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Red River at Greater Grand Forks area slightly declines as rain is expected into the weekend

The exact amount of rain and how it might impact the river level is currently unknown

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Screenshot from the East Grand Forks Sorlie Bridge camera.

GRAND FORKS — The Red River in the Greater Grand Forks area is slightly declining as the river level sat at 45.15 feet as of Thursday morning, a slight decrease from the 45.6 feet the river was at Wednesday morning.

The Red River crested Wednesday at 45.79 feet, just below major flood stage, which is 46 feet.

Rain expected Friday into the weekend could impact the river level in the Greater Grand Forks area, but the total amount of rain expected in the area is still unknown at this time.

Greg Gust, with the National Weather Service, said the rainfall is expected to start Friday into Saturday as central North Dakota is currently expected to receive the most rainfall, though he said the amounts of precipitation can vary.

Gust said at this point in time the amount of expected rainfall isn’t included in the river model, which tracks the river levels throughout the region.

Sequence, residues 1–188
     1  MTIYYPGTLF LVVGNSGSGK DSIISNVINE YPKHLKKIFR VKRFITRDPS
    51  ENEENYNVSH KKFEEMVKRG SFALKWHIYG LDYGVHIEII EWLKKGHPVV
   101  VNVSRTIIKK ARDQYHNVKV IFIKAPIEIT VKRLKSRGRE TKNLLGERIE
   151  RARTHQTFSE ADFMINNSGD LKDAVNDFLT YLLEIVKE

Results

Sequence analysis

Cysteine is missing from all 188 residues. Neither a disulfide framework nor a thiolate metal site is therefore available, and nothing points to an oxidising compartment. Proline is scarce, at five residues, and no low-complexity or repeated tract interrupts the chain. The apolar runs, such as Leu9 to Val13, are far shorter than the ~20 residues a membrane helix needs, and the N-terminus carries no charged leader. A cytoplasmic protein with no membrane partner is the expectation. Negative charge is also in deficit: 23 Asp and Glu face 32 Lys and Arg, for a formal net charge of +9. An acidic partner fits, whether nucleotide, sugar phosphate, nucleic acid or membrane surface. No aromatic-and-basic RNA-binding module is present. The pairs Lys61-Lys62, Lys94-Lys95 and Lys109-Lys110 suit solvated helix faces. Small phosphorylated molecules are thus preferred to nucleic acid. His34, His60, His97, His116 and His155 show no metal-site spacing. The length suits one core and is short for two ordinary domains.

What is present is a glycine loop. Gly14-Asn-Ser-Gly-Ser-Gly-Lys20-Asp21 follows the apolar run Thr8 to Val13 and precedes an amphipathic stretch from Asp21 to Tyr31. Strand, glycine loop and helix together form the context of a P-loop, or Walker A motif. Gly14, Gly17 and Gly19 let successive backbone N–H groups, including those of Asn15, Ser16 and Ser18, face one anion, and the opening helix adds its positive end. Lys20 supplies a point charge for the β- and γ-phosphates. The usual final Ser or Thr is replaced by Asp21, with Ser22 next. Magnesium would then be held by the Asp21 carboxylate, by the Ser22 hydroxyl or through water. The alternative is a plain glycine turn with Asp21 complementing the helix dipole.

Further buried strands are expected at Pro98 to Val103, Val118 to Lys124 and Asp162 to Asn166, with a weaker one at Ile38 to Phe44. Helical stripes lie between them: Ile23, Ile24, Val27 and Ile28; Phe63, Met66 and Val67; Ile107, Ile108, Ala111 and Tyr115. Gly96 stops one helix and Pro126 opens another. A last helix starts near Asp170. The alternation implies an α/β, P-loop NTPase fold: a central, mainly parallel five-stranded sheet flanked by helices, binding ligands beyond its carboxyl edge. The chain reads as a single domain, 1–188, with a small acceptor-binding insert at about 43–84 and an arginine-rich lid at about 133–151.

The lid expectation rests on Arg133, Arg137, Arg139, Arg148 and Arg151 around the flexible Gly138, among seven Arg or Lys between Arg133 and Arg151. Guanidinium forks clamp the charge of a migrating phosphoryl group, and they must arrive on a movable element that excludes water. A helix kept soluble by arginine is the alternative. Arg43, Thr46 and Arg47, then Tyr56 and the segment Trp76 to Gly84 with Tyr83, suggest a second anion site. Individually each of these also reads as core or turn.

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“It’s still too uncertain, it’s still too far out in the distance,” Gust said.

READ MORE FLOOD STORIES
The need for the project dates back to 2016, when the Federal Emergency Management Agency designated the east side of Newfolden as lying within the 100-year floodplain

The Red River in Oslo is currently sitting steady at 37.37 feet as of Thursday morning with overland flooding occurring in that region.

In Crookston, the Red Lake River level is continuing to decline after cresting at 27.07 feet late Sunday into early Monday. The river currently sits at 19.93 feet, just slightly below the moderate flood stage, which is 20 feet.

Gust said if heavy rain occurs in the basin upstream of Crookston, the Red Lake River could rise again, but chances of that happening are low.

“With the river going down the likelihood of it getting back up near major flood stage are pretty low,” Gust said. “It could get there, but it would take a lot of rain.”

Related Topics: FLOODING
Meghan Arbegast grew up in Security-Widefield, Colorado. She earned a Bachelor of Science in Journalism from North Dakota State University in Fargo, in 2021.

Arbegast wrote for The Spectrum, NDSU's student newspaper, for three years and was Head News Editor for two years. She was an intern with University Relations her last two semesters of college.

Arbegast covers news pertaining to the city of Grand Forks/East Grand Forks including city hall coverage.

Readers can reach Arbegast at 701-780-1267 or MArbegast@gfherald.com.

Pronouns: She/Her
Languages: English
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